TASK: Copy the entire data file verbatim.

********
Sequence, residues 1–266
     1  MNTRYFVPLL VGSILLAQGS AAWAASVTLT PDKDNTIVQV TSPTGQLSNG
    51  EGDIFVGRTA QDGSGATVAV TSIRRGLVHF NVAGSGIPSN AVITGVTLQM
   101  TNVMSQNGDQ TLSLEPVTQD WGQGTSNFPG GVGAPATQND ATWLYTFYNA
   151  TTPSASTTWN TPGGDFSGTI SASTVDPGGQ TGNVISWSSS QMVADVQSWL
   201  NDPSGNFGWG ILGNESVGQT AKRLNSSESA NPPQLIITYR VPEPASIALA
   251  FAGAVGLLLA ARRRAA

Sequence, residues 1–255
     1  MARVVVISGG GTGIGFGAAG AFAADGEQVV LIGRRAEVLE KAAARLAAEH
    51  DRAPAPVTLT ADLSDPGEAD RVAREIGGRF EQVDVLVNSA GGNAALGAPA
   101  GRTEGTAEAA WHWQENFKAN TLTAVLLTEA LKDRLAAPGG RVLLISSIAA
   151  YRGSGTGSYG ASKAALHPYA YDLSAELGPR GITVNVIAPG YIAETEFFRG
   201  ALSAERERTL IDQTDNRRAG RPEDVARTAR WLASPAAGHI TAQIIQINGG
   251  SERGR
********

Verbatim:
Sequence, residues 1–266
     1  MNTRYFVPLL VGSILLAQGS AAWAASVTLT PDKDNTIVQV TSPTGQLSNG
    51  EGDIFVGRTA QDGSGATVAV TSIRRGLVHF NVAGSGIPSN AVITGVTLQM
   101  TNVMSQNGDQ TLSLEPVTQD WGQGTSNFPG GVGAPATQND ATWLYTFYNA
   151  TTPSASTTWN TPGGDFSGTI SASTVDPGGQ TGNVISWSSS QMVADVQSWL
   201  NDPSGNFGWG ILGNESVGQT AKRLNSSESA NPPQLIITYR VPEPASIALA
   251  FAGAVGLLLA ARRRAA

Sequence, residues 1–255
     1  MARVVVISGG GTGIGFGAAG AFAADGEQVV LIGRRAEVLE KAAARLAAEH
    51  DRAPAPVTLT ADLSDPGEAD RVAREIGGRF EQVDVLVNSA GGNAALGAPA
   101  GRTEGTAEAA WHWQENFKAN TLTAVLLTEA LKDRLAAPGG RVLLISSIAA
   151  YRGSGTGSYG ASKAALHPYA YDLSAELGPR GITVNVIAPG YIAETEFFRG
   201  ALSAERERTL IDQTDNRRAG RPEDVARTAR WLASPAAGHI TAQIIQINGG
   251  SERGR